Let me be clear here: In my experience, this is the biggest mistake I see many authors make. It is not an editor’s role to provide judgment or censure; it is our role to provide support and help. However, our ability to do so is severely limited if we do not know the true picture. We would far rather receive a timely email, however awkward or uncomfortable, than the alternative: An agreed deadline expires to silence from you, and our calls and emails to you get increasingly desperate! Problems happen, and we anticipate and prepare for this, but a breakdown in communication is one of the only problems that it is often impossible to overcome. Please stay in touch!

The Author / Editor Relationship

Here are some other tips that may help you build a mutually beneficial working relationship with your editor:

  • Please don’t take offense: It’s our job to help you create an excellent and effective book. This may occasionally mean suggesting a change that you feel strongly about, for one reason or another. It is encouraged to enter into discussion with your editor, especially when opinions diverge. But please don’t take feedback or critique personally, and please remember to keep discussions polite. You are the expert in your subject area, and we will defer to you on those matters, but we are the experts in publishing, and it is our job to ensure that your expertise and story is communicated in the most effective way.
  • Ask questions: Whether you are an experienced author, or you are about to write your first book, you are bound to encounter parts of the process about which you are unsure. Even if you’ve published multiple titles, every publisher is different, and so you may not feel completely confident at every stage. If you’re unsure about something, no matter how insignificant it may seem, please do ask; we’re happy to explain and want you to feel supported.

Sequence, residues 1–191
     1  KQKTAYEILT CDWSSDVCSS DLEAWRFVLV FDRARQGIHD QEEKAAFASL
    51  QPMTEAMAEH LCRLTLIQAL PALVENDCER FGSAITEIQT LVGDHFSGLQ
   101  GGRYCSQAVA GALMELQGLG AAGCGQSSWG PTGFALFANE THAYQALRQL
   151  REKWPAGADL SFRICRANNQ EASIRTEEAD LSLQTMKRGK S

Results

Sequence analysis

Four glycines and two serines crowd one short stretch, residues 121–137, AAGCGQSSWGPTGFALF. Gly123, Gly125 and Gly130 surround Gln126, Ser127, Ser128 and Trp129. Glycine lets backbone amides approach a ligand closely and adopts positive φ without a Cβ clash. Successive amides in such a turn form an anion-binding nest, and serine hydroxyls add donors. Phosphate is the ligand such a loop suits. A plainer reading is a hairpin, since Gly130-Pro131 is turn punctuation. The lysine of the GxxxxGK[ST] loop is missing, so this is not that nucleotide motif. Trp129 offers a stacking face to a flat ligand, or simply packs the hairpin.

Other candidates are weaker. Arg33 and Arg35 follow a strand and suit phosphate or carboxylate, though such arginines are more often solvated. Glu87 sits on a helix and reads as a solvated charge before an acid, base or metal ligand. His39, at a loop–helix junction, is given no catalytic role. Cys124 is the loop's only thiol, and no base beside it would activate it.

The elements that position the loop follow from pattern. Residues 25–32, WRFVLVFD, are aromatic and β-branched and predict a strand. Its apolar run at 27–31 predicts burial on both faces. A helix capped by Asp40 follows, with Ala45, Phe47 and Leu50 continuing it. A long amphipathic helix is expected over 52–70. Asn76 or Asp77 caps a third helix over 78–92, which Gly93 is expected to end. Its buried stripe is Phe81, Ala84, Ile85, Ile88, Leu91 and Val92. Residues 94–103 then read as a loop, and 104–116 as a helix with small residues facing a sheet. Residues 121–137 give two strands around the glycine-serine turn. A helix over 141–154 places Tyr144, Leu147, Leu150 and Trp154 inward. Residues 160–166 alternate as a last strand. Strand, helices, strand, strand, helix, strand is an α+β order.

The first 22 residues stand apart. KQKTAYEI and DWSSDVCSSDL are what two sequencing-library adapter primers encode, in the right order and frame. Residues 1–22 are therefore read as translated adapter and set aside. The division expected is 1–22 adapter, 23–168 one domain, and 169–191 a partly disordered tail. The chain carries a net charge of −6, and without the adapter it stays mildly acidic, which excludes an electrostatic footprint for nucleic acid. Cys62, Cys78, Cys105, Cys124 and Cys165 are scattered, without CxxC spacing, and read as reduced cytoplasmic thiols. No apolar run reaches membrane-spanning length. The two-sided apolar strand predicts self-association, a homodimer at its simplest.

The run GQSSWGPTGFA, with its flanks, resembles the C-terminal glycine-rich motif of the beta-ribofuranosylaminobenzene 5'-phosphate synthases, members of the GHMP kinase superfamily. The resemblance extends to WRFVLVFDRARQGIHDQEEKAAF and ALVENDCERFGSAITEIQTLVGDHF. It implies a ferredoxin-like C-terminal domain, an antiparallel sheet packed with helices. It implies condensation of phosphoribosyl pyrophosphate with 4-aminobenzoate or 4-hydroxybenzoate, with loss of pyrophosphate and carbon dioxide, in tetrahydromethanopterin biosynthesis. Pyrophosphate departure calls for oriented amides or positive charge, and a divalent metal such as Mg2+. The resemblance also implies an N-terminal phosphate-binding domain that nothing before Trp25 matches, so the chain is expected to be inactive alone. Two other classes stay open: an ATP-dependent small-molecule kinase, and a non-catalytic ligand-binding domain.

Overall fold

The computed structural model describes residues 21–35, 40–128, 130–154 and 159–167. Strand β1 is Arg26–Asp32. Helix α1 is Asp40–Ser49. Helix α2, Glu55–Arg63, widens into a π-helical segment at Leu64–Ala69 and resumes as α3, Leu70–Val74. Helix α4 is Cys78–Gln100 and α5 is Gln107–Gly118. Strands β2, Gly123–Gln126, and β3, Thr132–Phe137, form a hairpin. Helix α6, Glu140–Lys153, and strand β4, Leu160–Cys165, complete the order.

• Use version tracking: Whatever tool you use for this, it’s important to keep track of the various iterations of your book. Version control is vital for effective editing and for keeping a book on schedule, so if you’re not comfortable using the editing tools your editor uses, please speak up. Please do not return a completely ‘clean’ second draft to your editor, with no indication of changes made. This makes it impossible to review responses to feedback.

And there we have it – the best advice I can give on how you, an author, can most effectively work with your editor. Remember: we want your book to be the best possible book it can be!

Happy writing,

To submit a proposal and pitch to become a Lived Places author, please see our Call for Authors.

If you would like to talk to someone about what a proposal might look like for you, please contact our collection editors to talk about your ideas:

If you have an idea for a collection, your collection does not yet have an editor, or you want to speak to us about anything else, please contact the Publisher here.

Image Credit: Rebecca Bush, used with permission


Written by: Rebecca